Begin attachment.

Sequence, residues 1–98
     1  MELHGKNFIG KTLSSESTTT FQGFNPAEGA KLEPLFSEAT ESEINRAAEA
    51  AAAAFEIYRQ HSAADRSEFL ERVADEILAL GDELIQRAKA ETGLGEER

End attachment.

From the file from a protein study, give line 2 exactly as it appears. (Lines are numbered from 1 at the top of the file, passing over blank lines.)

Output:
     1  MELHGKNFIG KTLSSESTTT FQGFNPAEGA KLEPLFSEAT ESEINRAAEA